But it also involves figuring out how to use digital communications to improve the speed of early detection and early response. A group like inSTEDD is running. When you're dealing with water, it's everything. It's a consequence of global warming, it is a cause of drought, it is a cause of and a consequence of the changing nature of agriculture where rising sea levels poison the aquifers with salt and plants growing in a saline environment produce a lower yield, so farmers who have one acre are unable to produce enough food, enough kilocalories of food per hectare or acre to survive. And there's been an epidemic of farmer suicides in Africa and India related to the inability to cope with decreasing yields of food from the same lands that previously may have had double the yield. That's another science-based activity.

I've been very impressed with the Gates Foundation and Rockefeller's AGRA program. Which is trying to make salt-resistant seeds to increase the amount of food that yields per acre. there's a mixture here of science, policy, and increasing public will. They're all important. They're all the keys on the keyboard. They're all the tools in the tool chest, the arrows in the quiver. And that's what I like so much about this moment in time. We have more keys on the keyboard, more arrows in our quiver and we really have a chance to make a difference in each one of these areas. And I personally think it's the highest calling that you can have in life, and I'm fortunate to be able to play a small role in it. A small violin.

You know, I'll tell you. There are so many players now who have been doing this for such a good, long time. I'm optimistic about what happened in the House; I'm nervous about what will happen in the Senate. I'm concerned that the legislation is too tepid. I'm pleased there'll be a cap; I'm worried that the cap and trade system will have a lot of holes in it. But at least there's some progress now, and a recognition that the scientific basis of climate change is irrefutable.

But I'm worried that the people who will be hurt by climate change are exactly the people who didn't cause it. I’m worried that climate change will most disproportionately affect the poorest and most vulnerable of our brothers and sisters. I'm most concerned that there's no justice in the way in which the pain of climate change falls on farmers in Africa and people who are trying to live a subsistence life in India.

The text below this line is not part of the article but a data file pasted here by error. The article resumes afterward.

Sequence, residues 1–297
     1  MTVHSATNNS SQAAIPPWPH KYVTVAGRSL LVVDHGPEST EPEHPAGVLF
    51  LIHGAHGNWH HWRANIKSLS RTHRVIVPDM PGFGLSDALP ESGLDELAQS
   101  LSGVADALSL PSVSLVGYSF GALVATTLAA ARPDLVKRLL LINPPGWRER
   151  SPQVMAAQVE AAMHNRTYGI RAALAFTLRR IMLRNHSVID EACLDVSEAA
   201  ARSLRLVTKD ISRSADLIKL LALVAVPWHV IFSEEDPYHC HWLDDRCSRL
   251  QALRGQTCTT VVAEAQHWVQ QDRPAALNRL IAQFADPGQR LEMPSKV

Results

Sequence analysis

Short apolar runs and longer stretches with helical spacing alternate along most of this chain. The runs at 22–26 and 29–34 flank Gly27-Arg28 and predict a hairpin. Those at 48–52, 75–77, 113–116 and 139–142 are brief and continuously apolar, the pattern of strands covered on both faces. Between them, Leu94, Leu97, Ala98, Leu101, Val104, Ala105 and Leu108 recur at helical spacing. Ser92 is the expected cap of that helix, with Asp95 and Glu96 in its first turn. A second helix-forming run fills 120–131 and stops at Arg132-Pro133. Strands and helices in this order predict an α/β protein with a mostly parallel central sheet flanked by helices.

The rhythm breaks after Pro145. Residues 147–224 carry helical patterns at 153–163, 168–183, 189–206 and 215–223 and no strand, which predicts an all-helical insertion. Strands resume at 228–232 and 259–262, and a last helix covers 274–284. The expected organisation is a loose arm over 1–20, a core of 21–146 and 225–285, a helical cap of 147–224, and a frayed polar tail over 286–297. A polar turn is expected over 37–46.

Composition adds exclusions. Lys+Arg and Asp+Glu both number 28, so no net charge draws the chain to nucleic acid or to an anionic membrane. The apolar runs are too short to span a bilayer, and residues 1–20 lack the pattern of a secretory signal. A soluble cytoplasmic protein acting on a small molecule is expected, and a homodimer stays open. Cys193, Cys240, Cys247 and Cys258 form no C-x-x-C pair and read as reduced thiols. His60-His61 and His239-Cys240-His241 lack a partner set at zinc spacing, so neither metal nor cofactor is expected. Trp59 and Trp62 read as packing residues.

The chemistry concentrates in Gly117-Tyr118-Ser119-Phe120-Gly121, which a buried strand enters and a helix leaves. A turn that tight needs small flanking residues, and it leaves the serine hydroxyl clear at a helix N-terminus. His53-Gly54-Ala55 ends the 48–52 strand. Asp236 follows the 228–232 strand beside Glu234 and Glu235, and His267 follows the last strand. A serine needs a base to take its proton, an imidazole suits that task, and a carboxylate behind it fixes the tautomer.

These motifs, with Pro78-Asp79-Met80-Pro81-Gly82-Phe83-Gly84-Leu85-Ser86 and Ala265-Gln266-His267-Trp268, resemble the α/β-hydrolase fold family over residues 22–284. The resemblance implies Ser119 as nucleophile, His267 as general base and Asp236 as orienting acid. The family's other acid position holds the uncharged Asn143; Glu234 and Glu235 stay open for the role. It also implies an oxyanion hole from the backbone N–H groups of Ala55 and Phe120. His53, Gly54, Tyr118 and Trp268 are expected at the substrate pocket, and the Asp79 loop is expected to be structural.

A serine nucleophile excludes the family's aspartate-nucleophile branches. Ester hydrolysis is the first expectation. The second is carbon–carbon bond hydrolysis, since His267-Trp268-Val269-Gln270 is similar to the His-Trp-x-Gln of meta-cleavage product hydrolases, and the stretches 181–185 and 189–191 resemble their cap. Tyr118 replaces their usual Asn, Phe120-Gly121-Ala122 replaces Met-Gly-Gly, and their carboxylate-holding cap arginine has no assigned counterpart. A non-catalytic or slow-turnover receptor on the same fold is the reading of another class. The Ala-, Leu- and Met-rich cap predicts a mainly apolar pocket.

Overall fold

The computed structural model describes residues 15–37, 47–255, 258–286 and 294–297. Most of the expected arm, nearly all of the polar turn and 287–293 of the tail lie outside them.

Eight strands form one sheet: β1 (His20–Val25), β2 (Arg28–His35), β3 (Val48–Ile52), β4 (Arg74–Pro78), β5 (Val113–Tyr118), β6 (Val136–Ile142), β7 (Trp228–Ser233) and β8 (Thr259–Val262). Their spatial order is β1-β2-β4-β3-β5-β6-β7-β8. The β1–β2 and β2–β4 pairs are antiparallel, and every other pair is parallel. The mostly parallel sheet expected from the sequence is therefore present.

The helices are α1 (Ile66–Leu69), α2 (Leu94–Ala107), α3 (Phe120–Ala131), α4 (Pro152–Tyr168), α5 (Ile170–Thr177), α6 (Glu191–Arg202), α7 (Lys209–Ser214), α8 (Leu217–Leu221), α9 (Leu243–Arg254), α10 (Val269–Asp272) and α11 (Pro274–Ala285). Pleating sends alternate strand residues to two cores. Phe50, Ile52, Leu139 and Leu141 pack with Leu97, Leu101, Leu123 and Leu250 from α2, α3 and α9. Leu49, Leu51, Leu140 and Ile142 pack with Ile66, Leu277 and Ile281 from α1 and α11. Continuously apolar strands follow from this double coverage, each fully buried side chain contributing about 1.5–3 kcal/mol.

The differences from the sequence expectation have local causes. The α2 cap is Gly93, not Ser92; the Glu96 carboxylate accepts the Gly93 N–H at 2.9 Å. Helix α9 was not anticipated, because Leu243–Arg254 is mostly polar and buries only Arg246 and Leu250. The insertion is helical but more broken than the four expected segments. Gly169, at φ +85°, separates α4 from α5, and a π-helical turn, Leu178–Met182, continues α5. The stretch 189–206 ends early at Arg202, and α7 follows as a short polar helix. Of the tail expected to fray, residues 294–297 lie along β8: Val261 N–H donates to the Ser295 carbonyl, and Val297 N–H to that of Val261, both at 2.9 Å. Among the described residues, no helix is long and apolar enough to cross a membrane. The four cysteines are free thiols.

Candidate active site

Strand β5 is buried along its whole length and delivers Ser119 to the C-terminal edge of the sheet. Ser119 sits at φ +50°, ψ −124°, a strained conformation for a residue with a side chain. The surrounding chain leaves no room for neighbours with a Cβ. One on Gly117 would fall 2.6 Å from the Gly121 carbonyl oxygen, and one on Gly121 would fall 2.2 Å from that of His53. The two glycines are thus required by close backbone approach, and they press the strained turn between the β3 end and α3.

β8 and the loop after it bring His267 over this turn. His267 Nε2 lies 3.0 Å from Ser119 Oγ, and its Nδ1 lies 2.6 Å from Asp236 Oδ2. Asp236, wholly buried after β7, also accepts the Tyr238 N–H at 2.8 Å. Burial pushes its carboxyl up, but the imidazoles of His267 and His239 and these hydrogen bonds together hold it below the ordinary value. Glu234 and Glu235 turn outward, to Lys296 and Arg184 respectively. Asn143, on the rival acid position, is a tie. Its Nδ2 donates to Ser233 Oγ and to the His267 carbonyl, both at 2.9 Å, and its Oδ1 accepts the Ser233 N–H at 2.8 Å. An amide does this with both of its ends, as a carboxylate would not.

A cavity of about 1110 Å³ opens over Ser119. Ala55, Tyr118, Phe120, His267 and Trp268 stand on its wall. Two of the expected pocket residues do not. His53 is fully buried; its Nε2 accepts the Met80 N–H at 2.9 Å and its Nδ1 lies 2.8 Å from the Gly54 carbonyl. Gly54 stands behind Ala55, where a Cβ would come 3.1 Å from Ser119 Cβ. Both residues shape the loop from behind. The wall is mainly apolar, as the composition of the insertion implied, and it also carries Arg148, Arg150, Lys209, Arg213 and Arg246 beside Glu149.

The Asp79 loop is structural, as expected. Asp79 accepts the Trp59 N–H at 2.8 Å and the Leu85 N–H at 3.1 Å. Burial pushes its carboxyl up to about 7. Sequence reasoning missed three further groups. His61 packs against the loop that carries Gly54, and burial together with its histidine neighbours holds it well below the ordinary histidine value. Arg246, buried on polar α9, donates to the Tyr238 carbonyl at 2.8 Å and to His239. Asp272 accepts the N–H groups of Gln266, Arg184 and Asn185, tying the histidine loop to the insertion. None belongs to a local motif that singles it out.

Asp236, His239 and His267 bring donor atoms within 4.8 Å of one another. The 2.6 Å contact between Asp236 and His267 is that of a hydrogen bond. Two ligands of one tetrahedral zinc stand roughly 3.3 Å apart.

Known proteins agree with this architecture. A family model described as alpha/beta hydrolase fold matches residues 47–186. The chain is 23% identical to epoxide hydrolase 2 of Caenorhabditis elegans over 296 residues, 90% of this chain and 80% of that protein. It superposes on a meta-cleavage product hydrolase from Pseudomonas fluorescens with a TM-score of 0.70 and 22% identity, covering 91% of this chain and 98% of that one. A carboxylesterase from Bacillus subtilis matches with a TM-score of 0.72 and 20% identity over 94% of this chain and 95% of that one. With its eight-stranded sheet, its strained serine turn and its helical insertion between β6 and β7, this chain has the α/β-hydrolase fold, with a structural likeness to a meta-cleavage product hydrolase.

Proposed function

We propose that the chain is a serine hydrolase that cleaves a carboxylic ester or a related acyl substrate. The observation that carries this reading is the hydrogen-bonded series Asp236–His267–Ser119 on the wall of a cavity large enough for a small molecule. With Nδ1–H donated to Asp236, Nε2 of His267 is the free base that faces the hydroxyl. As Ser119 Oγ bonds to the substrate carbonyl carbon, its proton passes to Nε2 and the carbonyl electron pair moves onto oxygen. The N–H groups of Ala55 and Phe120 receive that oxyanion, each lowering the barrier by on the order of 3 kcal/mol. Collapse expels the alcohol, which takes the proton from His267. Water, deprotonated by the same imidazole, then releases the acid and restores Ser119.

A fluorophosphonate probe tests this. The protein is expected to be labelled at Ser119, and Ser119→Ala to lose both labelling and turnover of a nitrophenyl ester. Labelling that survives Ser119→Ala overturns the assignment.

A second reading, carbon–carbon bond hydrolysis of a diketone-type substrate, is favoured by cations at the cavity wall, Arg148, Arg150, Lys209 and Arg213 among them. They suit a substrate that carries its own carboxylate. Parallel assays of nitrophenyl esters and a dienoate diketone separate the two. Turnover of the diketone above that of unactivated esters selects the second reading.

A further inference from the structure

I'm very impressed with Mary Robinson's new group called Climate Justice. Even putting those two words together, "Climate Justice," bringing together human rights and a recognition of the effects that climate change will have in the world, is very important to me. I suspect that we'll be doing a lot more in that area. Trying to balance social equity along with adaptation to or mitigation of the changes wrought by this change in global warming.

I think the first evidence in my life that I was going to be a rabble-rouser was when I was kicked out of my confirmation class when I was 16. Because the rabbi had given us an assignment which was to answer the question, can God and science be reconciled? And I had written an essay saying not only can they be reconciled, I think that if you really reach the edge of the highest, purest science, there you will find all the questions that you would ask if you were searching for God. And if you really take the quest for God to its very furthest edge, there you will find the need for the tools that science has given. And he said to me, "That's the wrong answer." He said, "The right answer is, you have to choose between religion and science." I wouldn't do that, and I wouldn't rewrite my essay and he kicked me out.

I believe exactly the same thing today. I think that the people who I have met who have had the most profound degree of what you might call faith have been scientists. As they pushed away layer and layer of flesh, they found art and magic. And as they pushed away the boundaries of particle physics, they found mysteries. And each new step they took brought them more in awe of God, as Einstein clearly did.

faith and spiritualism are not the enemy of science. Doctrine and orthodoxy is. And a narrow orthodoxy is the bane of the scientist's existence, and it's the bane of the policy maker's existence. But I don't think we should conflate a true seeker's search for meaning and a true scientist's search for truth. I think they live together and they cohabitate well. We're emerging from eight years in which religion was a trump card over science. We're emerging from a time when scientists were forced to pull their papers in galley at journals because they violated the precepts of one religion in the United States. But at the same time, we're watching the evangelical community embrace those very notions that scientists presented to them years ago.

for example, one of the most optimistic things in the world to me is to watch these young evangelicals who are fighting to rid the world of nuclear weapons. Because they believe that is part of the mandate of creation care. It's also wonderful for me to watch that some of the leaders now fighting against global warming come from the evangelical community. I had a wonderful event where we presented some slides and graphs to a group of evangelicals about the changes that have happened, to prove that it is human-caused activities that have caused climate change. And the first slide that I showed spanned ten billion years. And two of the evangelicals took me aside and said, you know, "We're really with you on this. But would you just do me one favor? Would you please change that slide so that nothing begins before 5,000 years ago? We're still going to support it. But can you show the same change over 5,000 years?" Fortunately, or unfortunately, the change over 5,000 years, is every bit as dramatic.

Of course, I am also concerned about the battle of civilizations. I'm concerned that Muslims and Jews and Christians don't understand each other, don't like each other. I'm concerned that Hindus and Muslims have restored historical enmities when for the past 200 years they've lived together in peace. I'm very concerned about the fighting that has been provoked by and encouraged by differences in religion. But I'm not at all concerned that at the interface of spiritual quests and scientific quest that there's a lack of accord.